Human relationships of all kinds are complex, multi-layered, and constantly evolving, none more so than between romantic partners. Having a healthy relationship is so important to all facets of our lives, and contributes directly to our health, wealth and happiness. Of course, not everyone is the same, and that means everyone has a relationship that is unique and feeds on entirely different things. A healthy relationship is about communication, fulfillment, trust, and love, though these needs may manifest differently for different people, and may change with age and experience. So what exactly makes a relationship healthy? And how can we keep our relationship healthy, vibrant and positive over a long period of time? Let’s take a look.
You Should Trust Each Other
Really, the very rock upon which a healthy relationship is built is trust. Building emotional intimacy is very difficult if one partner doesn’t trust the other, or if there is mutual distrust. A relationship in which one party doesn’t believe in what the other says, or doesn’t have faith in how they will act, or cannot rely on their emotional and practical support, is a very unhealthy one. Trust is something that is hard to build and it takes time and consistency to nurture but is all too easily shattered and destroyed.
Keeping Things Fresh
Sex can be a big part of a relationship, and its something that many of us start to take for granted, or lose enthusiasm for over time. It’s good practice, however, to keep things fresh (and spicy) to maintain a physical interest in each other, and to keep surprising one another! There are, of course, all kinds of ways to jazz up your sex life, from role-playing games to fetish parties, from watching erotic films together to experimenting with sex toys. In fact, sex toys are becoming increasingly popular, from entry-level vibrators all the way through to butt plugs and bondage gear for the more adventurous. The way you view your partner changes over time, so don’t be afraid to let the way you have sex change too.
Don’t Play Mind Games
Manipulation, jealousy, mind games – these are sure-fire ways to poison a relationship. Always mean what you say, never play games with your partner’s emotions or seek to control them. A relationship should be a safe space to explore vulnerability, and with that comes a responsibility to treat each other right. Allow yourselves to be vulnerable together, and bear in mind that past relationship experiences may shape how your partner builds their trust in you.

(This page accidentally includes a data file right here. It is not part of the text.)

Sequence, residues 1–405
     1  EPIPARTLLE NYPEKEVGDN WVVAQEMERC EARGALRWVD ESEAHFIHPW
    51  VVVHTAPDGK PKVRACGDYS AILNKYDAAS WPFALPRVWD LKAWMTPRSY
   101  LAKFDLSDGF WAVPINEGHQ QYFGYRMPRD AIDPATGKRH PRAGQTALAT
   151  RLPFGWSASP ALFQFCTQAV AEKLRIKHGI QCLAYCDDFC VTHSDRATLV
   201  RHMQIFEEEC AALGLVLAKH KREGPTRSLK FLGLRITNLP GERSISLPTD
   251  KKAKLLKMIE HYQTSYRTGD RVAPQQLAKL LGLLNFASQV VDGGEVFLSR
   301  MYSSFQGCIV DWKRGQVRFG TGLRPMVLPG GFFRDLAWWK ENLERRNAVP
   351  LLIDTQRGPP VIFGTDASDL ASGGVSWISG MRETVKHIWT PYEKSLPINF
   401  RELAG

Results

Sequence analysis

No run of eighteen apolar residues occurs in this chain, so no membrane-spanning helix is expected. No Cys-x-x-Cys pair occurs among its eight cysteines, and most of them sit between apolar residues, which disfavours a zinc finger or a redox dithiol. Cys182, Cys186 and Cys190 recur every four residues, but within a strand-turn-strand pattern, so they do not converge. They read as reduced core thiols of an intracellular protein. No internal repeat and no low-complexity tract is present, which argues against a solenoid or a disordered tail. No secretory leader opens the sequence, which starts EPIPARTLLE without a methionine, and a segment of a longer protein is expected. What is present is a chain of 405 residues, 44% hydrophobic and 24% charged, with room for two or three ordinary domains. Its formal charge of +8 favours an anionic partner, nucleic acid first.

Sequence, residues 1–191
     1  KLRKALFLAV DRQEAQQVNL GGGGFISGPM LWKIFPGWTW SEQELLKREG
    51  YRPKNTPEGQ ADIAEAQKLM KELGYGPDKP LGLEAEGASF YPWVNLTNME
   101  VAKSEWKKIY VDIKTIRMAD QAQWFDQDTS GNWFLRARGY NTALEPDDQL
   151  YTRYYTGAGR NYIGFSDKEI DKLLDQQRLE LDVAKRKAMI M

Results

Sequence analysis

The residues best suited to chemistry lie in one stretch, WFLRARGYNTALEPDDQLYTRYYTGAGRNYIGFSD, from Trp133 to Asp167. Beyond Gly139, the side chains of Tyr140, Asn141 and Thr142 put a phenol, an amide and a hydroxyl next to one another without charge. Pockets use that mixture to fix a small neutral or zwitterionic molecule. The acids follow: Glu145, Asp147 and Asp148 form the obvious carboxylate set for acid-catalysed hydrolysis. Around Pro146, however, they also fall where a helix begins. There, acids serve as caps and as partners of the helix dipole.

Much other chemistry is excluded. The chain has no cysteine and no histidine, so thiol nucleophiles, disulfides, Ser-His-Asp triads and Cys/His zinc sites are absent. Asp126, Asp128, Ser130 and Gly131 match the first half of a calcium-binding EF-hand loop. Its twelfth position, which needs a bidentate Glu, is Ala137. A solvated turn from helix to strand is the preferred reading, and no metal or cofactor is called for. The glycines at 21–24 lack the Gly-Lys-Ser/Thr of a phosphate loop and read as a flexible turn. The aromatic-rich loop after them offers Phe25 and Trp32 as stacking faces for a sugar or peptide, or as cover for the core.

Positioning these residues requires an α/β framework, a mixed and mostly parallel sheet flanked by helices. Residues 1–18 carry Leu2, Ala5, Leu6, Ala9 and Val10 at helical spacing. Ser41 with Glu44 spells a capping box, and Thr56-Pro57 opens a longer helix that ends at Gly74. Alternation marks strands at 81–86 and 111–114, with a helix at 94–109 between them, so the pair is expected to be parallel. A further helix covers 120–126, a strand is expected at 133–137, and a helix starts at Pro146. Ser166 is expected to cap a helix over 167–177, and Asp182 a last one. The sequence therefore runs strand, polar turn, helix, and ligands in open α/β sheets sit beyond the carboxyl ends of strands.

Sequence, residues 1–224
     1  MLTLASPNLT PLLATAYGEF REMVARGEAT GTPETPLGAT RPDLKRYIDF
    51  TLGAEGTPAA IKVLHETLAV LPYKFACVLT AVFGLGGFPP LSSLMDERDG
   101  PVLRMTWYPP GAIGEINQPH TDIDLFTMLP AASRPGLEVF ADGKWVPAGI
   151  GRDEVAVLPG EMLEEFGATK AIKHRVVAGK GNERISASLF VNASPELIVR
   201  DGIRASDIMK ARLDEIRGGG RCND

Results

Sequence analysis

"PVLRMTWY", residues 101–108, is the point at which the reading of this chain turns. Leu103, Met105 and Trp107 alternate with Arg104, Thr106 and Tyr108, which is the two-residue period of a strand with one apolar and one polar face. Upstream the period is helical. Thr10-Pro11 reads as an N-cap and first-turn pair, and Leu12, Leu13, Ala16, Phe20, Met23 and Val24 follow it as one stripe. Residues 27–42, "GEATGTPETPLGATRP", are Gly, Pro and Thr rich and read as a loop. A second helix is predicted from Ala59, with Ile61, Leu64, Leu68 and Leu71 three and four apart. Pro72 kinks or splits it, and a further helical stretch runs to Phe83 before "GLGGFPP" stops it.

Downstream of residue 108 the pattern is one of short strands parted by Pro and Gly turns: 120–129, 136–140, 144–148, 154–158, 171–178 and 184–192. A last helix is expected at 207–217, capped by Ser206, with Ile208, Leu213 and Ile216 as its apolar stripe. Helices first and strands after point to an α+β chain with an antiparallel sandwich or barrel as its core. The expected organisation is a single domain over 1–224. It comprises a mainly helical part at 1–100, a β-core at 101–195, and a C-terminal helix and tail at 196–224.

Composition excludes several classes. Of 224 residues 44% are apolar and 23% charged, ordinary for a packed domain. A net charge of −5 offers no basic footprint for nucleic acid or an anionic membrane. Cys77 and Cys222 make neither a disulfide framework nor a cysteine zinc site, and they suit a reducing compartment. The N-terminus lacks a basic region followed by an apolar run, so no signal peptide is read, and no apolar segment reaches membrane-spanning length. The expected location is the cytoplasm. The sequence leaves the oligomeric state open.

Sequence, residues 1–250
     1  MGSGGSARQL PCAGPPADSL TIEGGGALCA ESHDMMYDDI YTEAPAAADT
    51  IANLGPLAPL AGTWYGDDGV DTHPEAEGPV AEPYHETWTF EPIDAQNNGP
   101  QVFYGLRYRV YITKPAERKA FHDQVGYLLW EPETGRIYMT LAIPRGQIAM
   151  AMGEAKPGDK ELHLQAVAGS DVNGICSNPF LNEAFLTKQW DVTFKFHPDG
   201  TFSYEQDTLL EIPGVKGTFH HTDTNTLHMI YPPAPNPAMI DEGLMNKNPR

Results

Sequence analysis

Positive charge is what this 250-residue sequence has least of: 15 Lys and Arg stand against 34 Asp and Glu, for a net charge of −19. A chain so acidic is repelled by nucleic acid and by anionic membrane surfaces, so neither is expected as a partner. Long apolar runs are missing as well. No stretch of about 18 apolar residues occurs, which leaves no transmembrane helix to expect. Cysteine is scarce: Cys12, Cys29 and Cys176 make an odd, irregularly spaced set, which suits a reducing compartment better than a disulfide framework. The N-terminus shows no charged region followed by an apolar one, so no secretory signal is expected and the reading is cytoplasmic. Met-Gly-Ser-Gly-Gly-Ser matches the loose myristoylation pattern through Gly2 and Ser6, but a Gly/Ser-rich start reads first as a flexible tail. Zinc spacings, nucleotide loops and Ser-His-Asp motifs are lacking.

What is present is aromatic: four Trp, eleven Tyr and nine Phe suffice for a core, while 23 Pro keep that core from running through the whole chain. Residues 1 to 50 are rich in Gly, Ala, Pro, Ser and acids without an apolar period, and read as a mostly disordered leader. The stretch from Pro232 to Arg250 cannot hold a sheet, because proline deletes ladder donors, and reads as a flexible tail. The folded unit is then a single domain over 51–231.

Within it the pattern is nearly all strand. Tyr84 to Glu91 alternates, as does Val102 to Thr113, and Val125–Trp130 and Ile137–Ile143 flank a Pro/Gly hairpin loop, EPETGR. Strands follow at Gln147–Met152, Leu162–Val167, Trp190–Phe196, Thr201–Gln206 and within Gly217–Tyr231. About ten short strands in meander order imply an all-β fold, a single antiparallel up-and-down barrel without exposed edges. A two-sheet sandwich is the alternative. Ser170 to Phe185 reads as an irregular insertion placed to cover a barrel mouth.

Another key to having a positive, healthy relationship is communication. You should be able to talk to your significant other about anything. Any concerns you have about life, work, your relationship can only benefit from straightforward, clear communication. Knowing how each other feels in any given situation is critical to nurturing your relationship, and having the opinion of your trusted partner is valuable when it comes to making judgments and decisions. As your relationship grows, communications become ever more important and may broaden to include financial concerns and mental or physical health issues.
We spoke about sex, but intimacy in relationships takes many forms. In fact, many couples who identify as asexual still report a romantic and physically intimate connection with their significant other. That isn’t to suggest that you’re asexual, but that non-sexual intimacy is just as deep and important, maybe even more so, when it comes to a healthy relationship. Again, this leads back to sharing a safe space to reveal ourselves, be physically intimate, and emotionally vulnerable. Whatever your attitude to intimacy, you should be able to fully enjoy it with your partner.
In some cases, total opposites attract. But you’re more likely to have a fair amount in common with your partner, in terms of attitudes to life, personal ethics, aesthetic preferences, general interests. Having said that, everyone has their differences – a healthy relationship is a place to accept those differences. Learn to work with the differences – think in terms of your dynamic, capabilities and attributes as a couple.
A healthy relationship has many additional bonuses that improve the quality of life for you and your significant other. You’ll feel less stressed, as the psychological responsiveness to stress is lessened. This could well stem from a feeling of existential security, from the sense of family and safety a healthy relationship fosters. You’ll have a greater sense of purpose – the idea of a spouse who you want to do things for, to impress and to take care of, is a big motivating factor. And studies say that those in healthy relationships are likely to live longer!
There is NO reason to stay in an unhealthy relationship. You shouldn’t put up with red flag behavior. Everyone deserves to be in a healthy, loving relationship, whatever shape or color it comes in. As a wise man once said: Take care of each other!
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